روابط بین ارزیابی کلی کارکرد و سایر مقیاس های رتبه بندی در مطالعات بالینی برای اسکیزوفرنی
|کد مقاله||سال انتشار||مقاله انگلیسی||ترجمه فارسی||تعداد کلمات|
|30286||2015||5 صفحه PDF||سفارش دهید||4412 کلمه|
Publisher : Elsevier - Science Direct (الزویر - ساینس دایرکت)
Journal : Psychiatry Research, Available online 1 April 2015
The relationship between the Global Assessment of Functioning (GAF) with other scales in schizophrenia has rarely been investigated. A systematic literature search was conducted to identify articles that reported the GAF score together with scores in the Positive and Negative Syndrome Scale (PANSS), Clinical Global Impression (CGI) or Brief Psychiatric Rating Scale (BPRS), using MEDLINE, EMBASE and PsycINFO, with keywords of schizophrenia, clinical trial and global assessment of functioning (last search 30 June 2013). Correlational analyses with weighting by the study participant numbers across these rating scales were performed. In 40 clinical trials (n=8000) that reported cross-sectional data on the GAF and PANSS, a significant but modest correlation was noted (Pearson׳s r=−0.401, p<0.0001). Furthermore, a correlation between the GAF and CGI-severity (CGI-S) at study baseline in 38 studies (n=11,315) was robust (r=−0.893, p<0.0001). In longitudinal studies, changes in the GAF scores were negatively correlated with those in the PANSS as well as CGI-S scores (p<0.0001 for both). Data on the BPRS were all statistically significant although relatively scarce. While optimal degree of concordance is undetermined among psychiatric scales that are presumed to be measuring different but overlapping constructs, this study found significant correlations in the GAF and CGI-S or PANSS, both cross-sectionally and longitudinally. The GAF-CGI-S relationship was especially tighter, making it a reliable clinical indicator.
Recently the fifth edition of the Diagnostic and Statistical Manual of Mental Disorders (DSM-5) eliminated the Global Assessment of Functioning (GAF) (American Psychiatric Association, 1994) because a single score from the GAF is unlikely to convey information to adequately assess diagnosis, severity of symptoms and diagnosis, dangerousness to self or others, and disability in social and self-care spheres, which are likely to vary independently over time, and because the GAF requires specific training to be used properly. Nevertheless, global functioning in schizophrenia represents an important outcome and a heuristic endpoint in the real-world clinical practice since functional impairment is an obvious obstacle against social integration. Measuring this outcome is important from the viewpoint of any successful treatment aiming for remission and recovery (Lieberman et al., 2008). For that purpose, the GAF amongst others has been occasionally utilized (Suzuki, 2011). However, to the best of authors׳ knowledge, global functioning in schizophrenia has rarely been the primary outcome measure in clinical trials and its relationship with other commonly utilized rating scales has rarely been a topic of investigation. “Measuring” outcome, frequently commenced with the existing rating scales, is of utmost importance to critically appraise the effect of any interventions including psychopharmacotherapy for schizophrenia. To address the gap in the literature, we examined the correlations between the GAF and other frequently recorded scales i.e., the Positive and Negative Syndrome Scale (PANSS) (Kay et al., 1987), the Clinical Global Impression (CGI) (Guy, 1976) and the Brief Psychiatric Rating Scale (BPRS) (Overall and Gorham, 1988) in clinical trials for schizophrenia, in order to shed light on their cross-sectional and longitudinal correlations and their robustness.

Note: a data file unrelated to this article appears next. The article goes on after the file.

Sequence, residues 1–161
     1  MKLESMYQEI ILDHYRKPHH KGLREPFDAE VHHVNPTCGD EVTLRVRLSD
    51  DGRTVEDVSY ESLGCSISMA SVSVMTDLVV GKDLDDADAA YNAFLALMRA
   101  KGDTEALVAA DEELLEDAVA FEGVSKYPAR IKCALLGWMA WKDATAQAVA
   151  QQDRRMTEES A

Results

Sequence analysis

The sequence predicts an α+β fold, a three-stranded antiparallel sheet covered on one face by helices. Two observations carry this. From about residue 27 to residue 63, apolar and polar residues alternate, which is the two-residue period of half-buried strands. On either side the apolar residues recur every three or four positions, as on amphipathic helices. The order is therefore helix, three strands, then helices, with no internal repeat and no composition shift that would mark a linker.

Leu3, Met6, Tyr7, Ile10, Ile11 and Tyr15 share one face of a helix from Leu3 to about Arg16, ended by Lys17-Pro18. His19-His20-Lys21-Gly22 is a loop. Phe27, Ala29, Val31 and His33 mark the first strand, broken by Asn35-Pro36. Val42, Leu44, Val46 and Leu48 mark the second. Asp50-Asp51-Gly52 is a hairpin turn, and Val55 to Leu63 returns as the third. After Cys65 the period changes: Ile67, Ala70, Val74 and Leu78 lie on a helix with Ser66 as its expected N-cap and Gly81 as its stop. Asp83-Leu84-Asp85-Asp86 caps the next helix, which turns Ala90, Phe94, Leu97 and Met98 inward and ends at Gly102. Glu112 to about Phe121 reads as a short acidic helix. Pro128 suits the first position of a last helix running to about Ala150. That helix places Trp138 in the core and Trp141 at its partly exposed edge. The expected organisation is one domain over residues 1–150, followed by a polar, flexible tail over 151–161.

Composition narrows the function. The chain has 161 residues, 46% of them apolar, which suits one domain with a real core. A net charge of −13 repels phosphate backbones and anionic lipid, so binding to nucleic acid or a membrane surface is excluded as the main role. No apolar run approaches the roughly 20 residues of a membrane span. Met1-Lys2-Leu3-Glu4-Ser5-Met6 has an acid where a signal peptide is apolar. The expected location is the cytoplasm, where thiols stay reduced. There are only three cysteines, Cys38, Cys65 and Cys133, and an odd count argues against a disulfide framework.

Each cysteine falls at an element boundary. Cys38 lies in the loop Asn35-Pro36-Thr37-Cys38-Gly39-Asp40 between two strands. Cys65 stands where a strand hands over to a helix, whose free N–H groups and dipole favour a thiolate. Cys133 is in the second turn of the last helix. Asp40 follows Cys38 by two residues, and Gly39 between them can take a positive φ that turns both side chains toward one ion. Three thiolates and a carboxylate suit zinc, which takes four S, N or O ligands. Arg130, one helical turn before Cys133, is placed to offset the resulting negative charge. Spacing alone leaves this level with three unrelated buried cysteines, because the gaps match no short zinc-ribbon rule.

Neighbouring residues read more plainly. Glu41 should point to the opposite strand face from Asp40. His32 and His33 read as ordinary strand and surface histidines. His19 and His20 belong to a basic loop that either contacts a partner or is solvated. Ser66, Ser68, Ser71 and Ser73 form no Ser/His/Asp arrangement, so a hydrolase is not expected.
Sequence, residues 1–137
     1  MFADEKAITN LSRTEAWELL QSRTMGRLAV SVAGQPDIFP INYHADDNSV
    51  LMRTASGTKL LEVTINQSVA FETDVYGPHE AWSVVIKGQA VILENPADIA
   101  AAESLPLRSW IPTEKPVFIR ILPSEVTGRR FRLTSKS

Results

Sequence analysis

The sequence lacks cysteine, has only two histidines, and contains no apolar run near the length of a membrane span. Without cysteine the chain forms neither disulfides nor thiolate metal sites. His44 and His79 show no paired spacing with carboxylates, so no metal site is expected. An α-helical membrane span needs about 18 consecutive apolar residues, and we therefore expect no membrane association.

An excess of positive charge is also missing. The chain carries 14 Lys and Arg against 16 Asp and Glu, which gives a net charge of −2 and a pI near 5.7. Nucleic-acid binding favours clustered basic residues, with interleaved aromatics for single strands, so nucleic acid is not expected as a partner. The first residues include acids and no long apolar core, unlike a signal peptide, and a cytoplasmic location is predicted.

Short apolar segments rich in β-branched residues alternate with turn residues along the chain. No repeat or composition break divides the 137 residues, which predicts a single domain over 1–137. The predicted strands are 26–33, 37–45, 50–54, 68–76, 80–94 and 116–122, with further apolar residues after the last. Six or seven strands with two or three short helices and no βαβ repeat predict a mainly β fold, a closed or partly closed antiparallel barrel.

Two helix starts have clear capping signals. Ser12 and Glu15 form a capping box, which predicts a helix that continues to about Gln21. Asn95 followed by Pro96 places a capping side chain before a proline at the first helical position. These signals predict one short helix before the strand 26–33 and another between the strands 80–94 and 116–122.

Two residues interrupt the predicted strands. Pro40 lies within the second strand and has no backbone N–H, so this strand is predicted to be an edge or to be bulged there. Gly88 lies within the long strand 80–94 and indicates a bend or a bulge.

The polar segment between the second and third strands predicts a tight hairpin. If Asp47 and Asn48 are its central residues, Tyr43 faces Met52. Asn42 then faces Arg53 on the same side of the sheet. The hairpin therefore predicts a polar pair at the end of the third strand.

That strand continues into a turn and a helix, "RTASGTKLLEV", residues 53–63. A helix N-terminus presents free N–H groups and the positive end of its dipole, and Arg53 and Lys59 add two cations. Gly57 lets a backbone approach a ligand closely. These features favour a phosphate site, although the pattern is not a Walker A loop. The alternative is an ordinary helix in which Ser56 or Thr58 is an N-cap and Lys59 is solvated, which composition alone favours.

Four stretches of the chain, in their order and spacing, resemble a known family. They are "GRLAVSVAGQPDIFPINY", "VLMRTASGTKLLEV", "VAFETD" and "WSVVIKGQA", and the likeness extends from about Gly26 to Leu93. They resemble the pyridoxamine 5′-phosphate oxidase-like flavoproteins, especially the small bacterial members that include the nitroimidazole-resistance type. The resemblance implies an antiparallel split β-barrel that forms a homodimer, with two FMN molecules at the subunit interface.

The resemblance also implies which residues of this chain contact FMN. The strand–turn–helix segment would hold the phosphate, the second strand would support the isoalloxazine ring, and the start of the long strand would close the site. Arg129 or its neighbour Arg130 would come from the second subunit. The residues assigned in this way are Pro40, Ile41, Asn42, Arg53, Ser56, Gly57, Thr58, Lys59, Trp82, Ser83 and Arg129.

نتیجه گیری انگلیسی
An effort to quantify real-world outcome is surely a complex task in schizophrenia (Leifker et al., 2011) and global functioning may represent a tip of the iceberg, which emphasizes the need of further investigations. In conclusion, in clinical trials for schizophrenia, the correlations between the GAF and the PANSS or CGI-S were significant, and the link between the GAF and CGI-S, both cross-sectionally and longitudinally, was especially tight, which makes it a reliable indicator. The data presented herein would hopefully serve as an anchor relationship between the scales, in an effort to improve clinical management and set realistic goals for patients with schizophrenia.